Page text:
Here let me also remind you that our God is a God whose usual way of working with us is through means, and namely that He works with us through the means of Grace. As we pray for an increase in faith we will, at the same time, be motivated, by the Holy Spirit, to make more regular and diligent use of the means of grace, reading our Bible, remembering our Baptism, coming to confession and hearing those most beautiful words of absolution, “Your sins are forgiven,” and coming to the Lord’s Supper, so that through these means our Lord will increase our faith. Remember, we are Word and Sacrament believers. We believe that our Lord comes to us through means, namely through the means of His Word, read and heard; Holy Baptism and as we remember our Baptism; confession and absolution, that as we hear those words, “Your sins are forgiven,” we know that our sins are forgiven; and the Lord’s Supper. And just as we would not limit ourselves in our ability to shop at different grocery stores for our physical food, so we would not want to limit ourselves to the means through which our Lord comes to give us His spiritual food, but will make regular and diligent, every Sunday and every day use of His means of grace.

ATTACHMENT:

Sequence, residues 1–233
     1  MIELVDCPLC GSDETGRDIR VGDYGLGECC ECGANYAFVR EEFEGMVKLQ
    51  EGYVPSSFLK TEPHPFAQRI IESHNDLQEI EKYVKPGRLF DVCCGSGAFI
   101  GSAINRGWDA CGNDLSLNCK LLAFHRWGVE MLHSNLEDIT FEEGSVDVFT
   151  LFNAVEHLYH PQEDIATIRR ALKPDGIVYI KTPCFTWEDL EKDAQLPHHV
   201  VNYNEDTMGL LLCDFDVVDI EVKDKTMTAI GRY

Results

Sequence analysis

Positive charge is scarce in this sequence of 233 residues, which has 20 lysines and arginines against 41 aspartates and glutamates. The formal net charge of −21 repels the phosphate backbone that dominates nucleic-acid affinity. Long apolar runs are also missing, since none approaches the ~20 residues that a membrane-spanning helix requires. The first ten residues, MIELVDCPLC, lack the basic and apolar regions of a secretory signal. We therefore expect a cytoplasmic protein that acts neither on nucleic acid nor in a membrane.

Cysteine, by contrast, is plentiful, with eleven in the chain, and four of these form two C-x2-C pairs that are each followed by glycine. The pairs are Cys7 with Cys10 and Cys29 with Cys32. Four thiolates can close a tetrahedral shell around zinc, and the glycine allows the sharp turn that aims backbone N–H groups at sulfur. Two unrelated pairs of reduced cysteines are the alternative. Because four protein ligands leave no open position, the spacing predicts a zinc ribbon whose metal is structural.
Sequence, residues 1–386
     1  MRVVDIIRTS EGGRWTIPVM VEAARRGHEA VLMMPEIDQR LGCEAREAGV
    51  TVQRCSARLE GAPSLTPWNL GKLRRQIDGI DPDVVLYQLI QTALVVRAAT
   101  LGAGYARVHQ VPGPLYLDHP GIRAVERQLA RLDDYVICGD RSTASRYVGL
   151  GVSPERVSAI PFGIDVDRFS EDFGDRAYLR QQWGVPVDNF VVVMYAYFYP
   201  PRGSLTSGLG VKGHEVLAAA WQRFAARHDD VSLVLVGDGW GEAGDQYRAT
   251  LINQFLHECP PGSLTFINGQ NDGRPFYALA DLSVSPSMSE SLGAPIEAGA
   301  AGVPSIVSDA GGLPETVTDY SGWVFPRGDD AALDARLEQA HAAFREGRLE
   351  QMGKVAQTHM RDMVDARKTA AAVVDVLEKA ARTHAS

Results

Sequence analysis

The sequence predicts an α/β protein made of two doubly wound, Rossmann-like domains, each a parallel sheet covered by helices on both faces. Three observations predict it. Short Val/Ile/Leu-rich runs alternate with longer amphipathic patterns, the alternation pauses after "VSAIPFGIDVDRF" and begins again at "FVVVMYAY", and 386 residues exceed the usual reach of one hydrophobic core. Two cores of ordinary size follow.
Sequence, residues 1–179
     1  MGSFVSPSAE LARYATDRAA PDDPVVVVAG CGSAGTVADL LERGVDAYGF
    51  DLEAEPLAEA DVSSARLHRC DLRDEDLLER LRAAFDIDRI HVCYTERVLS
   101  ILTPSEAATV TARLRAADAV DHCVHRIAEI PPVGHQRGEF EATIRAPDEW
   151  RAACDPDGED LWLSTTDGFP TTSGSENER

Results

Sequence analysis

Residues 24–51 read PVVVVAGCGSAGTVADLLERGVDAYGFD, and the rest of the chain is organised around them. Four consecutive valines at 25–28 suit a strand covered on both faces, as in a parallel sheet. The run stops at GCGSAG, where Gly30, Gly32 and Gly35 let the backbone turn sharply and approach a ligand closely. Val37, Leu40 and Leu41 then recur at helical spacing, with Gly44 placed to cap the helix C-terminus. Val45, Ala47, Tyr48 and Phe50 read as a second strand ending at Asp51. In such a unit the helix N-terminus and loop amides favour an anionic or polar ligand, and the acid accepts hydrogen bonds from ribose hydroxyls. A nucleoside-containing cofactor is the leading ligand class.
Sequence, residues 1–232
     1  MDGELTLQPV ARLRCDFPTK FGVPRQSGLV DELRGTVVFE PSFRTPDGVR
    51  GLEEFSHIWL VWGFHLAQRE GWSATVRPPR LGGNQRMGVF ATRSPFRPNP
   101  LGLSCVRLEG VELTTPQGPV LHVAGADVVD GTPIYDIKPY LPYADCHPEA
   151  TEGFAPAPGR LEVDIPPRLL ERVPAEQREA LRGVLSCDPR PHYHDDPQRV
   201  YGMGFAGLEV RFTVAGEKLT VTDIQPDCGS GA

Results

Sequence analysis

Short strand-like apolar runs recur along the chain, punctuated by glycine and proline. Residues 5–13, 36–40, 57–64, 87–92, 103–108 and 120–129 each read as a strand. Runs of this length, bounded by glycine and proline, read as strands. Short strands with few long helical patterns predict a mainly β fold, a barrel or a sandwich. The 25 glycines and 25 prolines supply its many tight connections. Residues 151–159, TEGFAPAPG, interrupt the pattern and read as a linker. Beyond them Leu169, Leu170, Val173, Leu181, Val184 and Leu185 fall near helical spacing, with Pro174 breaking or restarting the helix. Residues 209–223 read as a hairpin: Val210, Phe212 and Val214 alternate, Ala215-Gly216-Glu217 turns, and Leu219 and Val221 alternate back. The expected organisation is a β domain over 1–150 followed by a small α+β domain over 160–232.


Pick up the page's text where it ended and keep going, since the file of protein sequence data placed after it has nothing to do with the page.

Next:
But, with an increase of faith comes an increase in responsibility. Here Jesus speaks about duty. Jesus uses the illustration of a servant and a master. We pick up at verse seven of our text, 7“Will any one of you who has a servant plowing or keeping sheep say to him when he has come in from the field, ‘Come at once and sit down at table’? 8Will he not rather say to him, ‘Prepare supper for me, and dress properly, and serve me while I eat and drink, and afterward you will eat and drink’? 9Does he thank the servant because he did what was commanded? 10So you also, when you have done all that you were commanded, say, ‘We are unworthy servants; we have only done what was our duty’” (v. 7-9). The servant does not gain special favors simply for doing what he is supposed to be doing. Likewise, we do not deserve any special favors from our Lord for simply doing what is our God-given, Christian duty and responsibility, or as I would rather put it, our privilege to be doing. An increase in faith leaves no room for us to think more highly of ourselves, rather it makes us more responsible, even more accountable for exercising our faith, doing the good works which God has for us to do.